11:00 PM | June 21 2021
Torslanda site becomes Volvo Cars’ first climate-neutral car plant
Another milestone for Volvo Cars’ ambitious climate plan as its car-making plant in Sweden introduces heating via biogas and industrial waste heat.
The Volvo Cars Torslanda site in Sweden is its first car manufacturing plant to reach fully climate neutral status. It is another significant step towards the company’s ambition of making its global manufacturing network climate neutral by 2025.
Torslanda becomes the second plant in Volvo Cars’ overall manufacturing network to reach this status, after the Skövde engine plant in Sweden became climate neutral in 2018.
Volvo Cars counts a manufacturing site as fully climate neutral when it registers no net increase in the emission of greenhouse gases to the atmosphere because of the electricity and heating used by the plant.
The Torslanda plant, the company’s oldest, has been powered by climate-neutral electricity since 2008. It now also has climate-neutral heating. Half of the plant’s heating comes from biogas, while the other half is predominantly sourced from district heating through industrial waste heat.
“Establishing Torslanda as our first climate-neutral car plant is a significant milestone,” said Javier Varela, head of industrial operations and quality at Volvo Cars. “We are committed to having a climate neutral manufacturing network by 2025 and this achievement is a sign of our determination as we consistently work to reduce our impact on the environment.”
Above: The XC90 luxury seven-seater SUV is produced at the Torslanda plant in Sweden, along with the XC60 midsize SUV, V90 large luxury wagon and V60 midsize luxury wagon.
Apart from becoming climate neutral, Torslanda also constantly reduces the amount of energy it uses. Targeted improvements in its operations during 2020 resulted in annualised energy savings of almost 7000 megawatt-hours (MWh), equal to the annual energy usage of more than 450 Swedish family homes.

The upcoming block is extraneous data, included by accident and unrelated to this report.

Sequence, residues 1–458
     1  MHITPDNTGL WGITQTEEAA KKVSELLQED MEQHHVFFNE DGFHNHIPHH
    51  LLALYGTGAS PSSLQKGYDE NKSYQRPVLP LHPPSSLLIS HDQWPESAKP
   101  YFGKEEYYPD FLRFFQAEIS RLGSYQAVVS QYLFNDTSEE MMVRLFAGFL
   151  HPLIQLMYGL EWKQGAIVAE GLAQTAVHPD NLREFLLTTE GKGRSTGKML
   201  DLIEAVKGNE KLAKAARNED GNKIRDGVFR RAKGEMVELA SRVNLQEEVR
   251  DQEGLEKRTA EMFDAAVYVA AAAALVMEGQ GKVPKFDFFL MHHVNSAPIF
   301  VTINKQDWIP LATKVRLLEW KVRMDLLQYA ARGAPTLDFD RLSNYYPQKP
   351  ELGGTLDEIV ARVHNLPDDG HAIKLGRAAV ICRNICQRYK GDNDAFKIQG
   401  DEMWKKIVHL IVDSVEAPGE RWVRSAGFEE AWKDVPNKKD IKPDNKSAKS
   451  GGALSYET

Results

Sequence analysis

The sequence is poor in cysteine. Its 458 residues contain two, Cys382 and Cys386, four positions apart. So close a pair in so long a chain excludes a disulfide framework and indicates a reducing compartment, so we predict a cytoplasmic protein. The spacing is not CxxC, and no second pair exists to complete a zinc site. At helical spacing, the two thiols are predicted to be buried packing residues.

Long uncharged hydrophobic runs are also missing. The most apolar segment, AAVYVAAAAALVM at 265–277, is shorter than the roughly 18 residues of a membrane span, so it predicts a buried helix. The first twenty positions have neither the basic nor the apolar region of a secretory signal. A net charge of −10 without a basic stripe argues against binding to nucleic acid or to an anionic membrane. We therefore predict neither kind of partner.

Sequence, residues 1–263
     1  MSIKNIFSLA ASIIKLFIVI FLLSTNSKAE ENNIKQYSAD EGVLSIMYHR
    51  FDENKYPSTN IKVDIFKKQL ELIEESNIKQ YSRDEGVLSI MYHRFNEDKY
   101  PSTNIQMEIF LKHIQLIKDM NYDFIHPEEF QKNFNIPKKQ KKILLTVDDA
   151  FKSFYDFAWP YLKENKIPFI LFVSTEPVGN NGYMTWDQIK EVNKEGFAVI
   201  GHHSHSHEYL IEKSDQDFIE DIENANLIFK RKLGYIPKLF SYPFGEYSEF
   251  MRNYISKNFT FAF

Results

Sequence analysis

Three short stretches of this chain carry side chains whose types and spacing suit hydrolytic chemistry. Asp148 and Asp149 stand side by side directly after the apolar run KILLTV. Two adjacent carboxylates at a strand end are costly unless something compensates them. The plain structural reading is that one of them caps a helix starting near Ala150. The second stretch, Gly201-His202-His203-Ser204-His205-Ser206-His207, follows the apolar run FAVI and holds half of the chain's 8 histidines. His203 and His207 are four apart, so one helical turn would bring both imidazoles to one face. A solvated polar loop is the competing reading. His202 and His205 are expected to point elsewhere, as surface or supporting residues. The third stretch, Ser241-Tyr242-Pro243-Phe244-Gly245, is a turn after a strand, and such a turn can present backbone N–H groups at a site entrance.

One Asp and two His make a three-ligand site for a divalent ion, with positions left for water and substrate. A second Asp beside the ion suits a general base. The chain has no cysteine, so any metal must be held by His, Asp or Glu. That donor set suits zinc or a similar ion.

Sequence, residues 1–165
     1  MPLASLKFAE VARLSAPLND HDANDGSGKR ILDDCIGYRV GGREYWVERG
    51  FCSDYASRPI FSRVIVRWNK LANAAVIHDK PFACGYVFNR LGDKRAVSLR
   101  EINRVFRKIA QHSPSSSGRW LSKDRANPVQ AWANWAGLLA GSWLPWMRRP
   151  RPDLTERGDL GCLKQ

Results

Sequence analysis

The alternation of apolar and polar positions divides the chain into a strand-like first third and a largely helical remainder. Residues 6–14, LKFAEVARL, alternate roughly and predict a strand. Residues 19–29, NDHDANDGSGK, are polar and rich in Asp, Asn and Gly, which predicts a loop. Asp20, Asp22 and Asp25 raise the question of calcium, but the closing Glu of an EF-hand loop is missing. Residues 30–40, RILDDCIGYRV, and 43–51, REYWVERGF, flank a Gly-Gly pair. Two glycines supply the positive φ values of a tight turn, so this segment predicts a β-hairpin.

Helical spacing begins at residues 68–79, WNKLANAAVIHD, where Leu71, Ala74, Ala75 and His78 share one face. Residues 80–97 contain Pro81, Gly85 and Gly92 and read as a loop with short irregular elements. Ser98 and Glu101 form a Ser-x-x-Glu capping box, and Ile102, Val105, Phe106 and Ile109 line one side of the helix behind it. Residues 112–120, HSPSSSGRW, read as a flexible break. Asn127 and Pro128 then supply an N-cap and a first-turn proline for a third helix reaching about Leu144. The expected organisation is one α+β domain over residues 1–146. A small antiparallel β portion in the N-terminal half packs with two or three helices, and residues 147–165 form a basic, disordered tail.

In the near future, the plant plans to make further efficiency upgrades to the lighting and heating systems, among other things, which should result in additional annual energy savings of about 20,000MWh by 2023. These energy savings are part of a wider ambition for Volvo Cars to reduce energy usage per car produced in its manufacturing network by 30 per cent in 2025.
For Volvo Cars to achieve its target of climate neutral manufacturing operations, it needs the full support of local partners in government and business to access climate neutral electricity and heating. In addition, Volvo Cars will develop its own renewable electricity generation capacity on-site.
Volvo Cars’ climate neutral manufacturing target is part of the company’s climate plan, one of the most ambitious in the industry. The centrepiece of the plan is Volvo Cars’ ambition to electrify its entire line-up.
Yet the plan goes beyond addressing tailpipe emissions through all-out electrification, also seeking to tackle carbon emissions in the company’s wider operations, its supply chain and through recycling and reuse of materials by embracing the circular economy.